Also the toner cartridge 20 is received pre-filled with a specified (known constant) initial amount of toner, which is known to the printer 10 in this system. That number may be stored as a pixel count or an actual toner weight in the controller 16. The CRUM 28 itself is an EEPROM and can be coded or wired to so read and indicate when it is plugged into the printer 10. The following procedure (a) through (e) using the experimental values may now be used to calculate and estimate toner usage as follows:
(a) Load the required amount of toners in the CRU according to the specific CRU toner life. By way of example, for 10 K CRU, the toner to be loaded=M4*1.345 millions*10,000 grams plus a pre-determined amount of expected unused toner.
(b) After printing a page of random image pattern, the ratio of transition counts/pixel counts is determined and compared to either a look-up table or assigned values located in code to obtain the corresponding toner mass consumption/pixel value.
(c) Multiply this value by the pixel counts of this page to obtain the toner mass consumption for this page.
(d) Subtract this toner mass consumption value from the total or previous toner mass left in the CRU to obtain the new remaining toner mass. This value is expressed by the % of remaining toner.
(e) When the toner remaining percent (%) value obtained is not consistent with the real toner mass left after generating different image patterns, deletion results when toner remaining percent (%) still shows toner left, the assigned values in code or in a look up table are needed to be modified until consistence is achieved.
As each page is printed, the pixel count and transition count are monitored for that page in FPGA. These counts are read by the controller and using the pre-determined values of the ratio of transition count/pixel count, an estimation of the average image type (half tone, text and solid area) is determined for that page. The number of pixels for that page is then multiplied by the pre-determined toner mass per pixel for that image type. The resulting calculated toner amount is subtracted from the previous remaining balance of toner. This new toner remaining percentage value is saved and transmitted to and stored in the CRUM. After the pixel count and transition count are read by the controller, FPGA will reset for the next job. This process continues until the warning level for remaining toner is attained (“Low Toner” signal). The user is then alerted that the toner is nearing its “end-of-life” condition. The process continues until a calculated remaining toner percentage of zero is attained, which should coincide with the toner cartridge being empty. That is, continuously subtracting calculated toner usage this way (with printer imaging) from the known initial installed toner amount or previously calculated remaining amount until the balance amount reaches zero automatically gives an “out of toner” indication, without ever actually sensing or examining the toner container itself.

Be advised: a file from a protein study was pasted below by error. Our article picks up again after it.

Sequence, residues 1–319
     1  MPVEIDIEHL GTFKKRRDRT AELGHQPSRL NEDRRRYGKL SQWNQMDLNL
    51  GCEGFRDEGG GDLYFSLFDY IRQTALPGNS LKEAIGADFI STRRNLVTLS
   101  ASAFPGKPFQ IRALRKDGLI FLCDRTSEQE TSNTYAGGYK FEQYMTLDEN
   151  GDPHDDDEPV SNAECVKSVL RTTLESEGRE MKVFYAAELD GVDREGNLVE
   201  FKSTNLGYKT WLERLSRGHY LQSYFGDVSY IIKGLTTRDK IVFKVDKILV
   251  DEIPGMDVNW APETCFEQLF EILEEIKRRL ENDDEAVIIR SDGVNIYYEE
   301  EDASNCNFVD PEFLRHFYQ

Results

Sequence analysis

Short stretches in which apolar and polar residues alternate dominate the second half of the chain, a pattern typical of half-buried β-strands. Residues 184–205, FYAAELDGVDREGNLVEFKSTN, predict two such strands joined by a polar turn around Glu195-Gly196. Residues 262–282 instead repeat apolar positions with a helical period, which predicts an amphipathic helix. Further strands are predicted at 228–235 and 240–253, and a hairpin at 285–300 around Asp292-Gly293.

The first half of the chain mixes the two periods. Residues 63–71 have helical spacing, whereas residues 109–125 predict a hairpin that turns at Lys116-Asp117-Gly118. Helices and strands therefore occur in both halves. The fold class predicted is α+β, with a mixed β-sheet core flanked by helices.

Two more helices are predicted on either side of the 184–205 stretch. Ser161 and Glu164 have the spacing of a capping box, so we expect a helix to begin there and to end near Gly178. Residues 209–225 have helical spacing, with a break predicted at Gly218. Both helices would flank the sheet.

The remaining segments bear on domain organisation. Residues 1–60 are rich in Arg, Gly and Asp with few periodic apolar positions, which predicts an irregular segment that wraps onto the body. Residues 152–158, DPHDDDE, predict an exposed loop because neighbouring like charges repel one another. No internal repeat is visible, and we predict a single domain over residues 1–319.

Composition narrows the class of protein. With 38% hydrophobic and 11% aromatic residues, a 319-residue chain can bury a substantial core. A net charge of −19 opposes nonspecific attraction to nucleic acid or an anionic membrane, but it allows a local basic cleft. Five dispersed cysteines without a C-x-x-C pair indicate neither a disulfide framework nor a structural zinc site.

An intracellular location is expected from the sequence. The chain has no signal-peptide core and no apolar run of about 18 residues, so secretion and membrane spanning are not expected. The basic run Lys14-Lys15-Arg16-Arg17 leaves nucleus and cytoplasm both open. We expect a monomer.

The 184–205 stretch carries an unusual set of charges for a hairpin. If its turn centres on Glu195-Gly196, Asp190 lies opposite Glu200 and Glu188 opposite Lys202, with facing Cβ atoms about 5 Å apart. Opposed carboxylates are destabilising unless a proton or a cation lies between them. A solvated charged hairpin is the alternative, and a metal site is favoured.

The method disclosed herein can provide substantial hardware cost savings, and repair or maintenance cost savings, as compared to other “low toner” or “out of toner” sensor systems which require optical, sonic, torque, weight or other sensors in or associated with the toner supply or dispenser, and associated wiring.
While particular embodiments have been described, alternatives, modifications, variations, improvements, and substantial equivalents that are or may be presently unforeseen may arise to applicants or others skilled in the art. Accordingly, the appended claims as filed and as they may be amended are intended to embrace all such alternatives, modifications variations, improvements, and substantial equivalents.
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|International Classification||G03G21/00, G03G15/00, H04N1/29, G03G15/08, G03G15/06|
|Cooperative Classification||G03G15/556, G03G15/0849|
|Sep 15, 2003||AS||Assignment|
|Aug 31, 2004||AS||Assignment|
Owner name: JPMORGAN CHASE BANK, AS COLLATERAL AGENT,TEXAS
Free format text: SECURITY AGREEMENT;ASSIGNOR:XEROX CORPORATION;REEL/FRAME:015722/0119
Effective date: 20030625
|Jun 30, 2005||AS||Assignment|
Owner name: JP MORGAN CHASE BANK,TEXAS
Free format text: SECURITY AGREEMENT;ASSIGNOR:XEROX CORPORATION;REEL/FRAME:016761/0158
Effective date: 20030625
|Feb 13, 2008||FPAY||Fee payment|
Year of fee payment: 4
|Mar 15, 2012||FPAY||Fee payment|
Year of fee payment: 8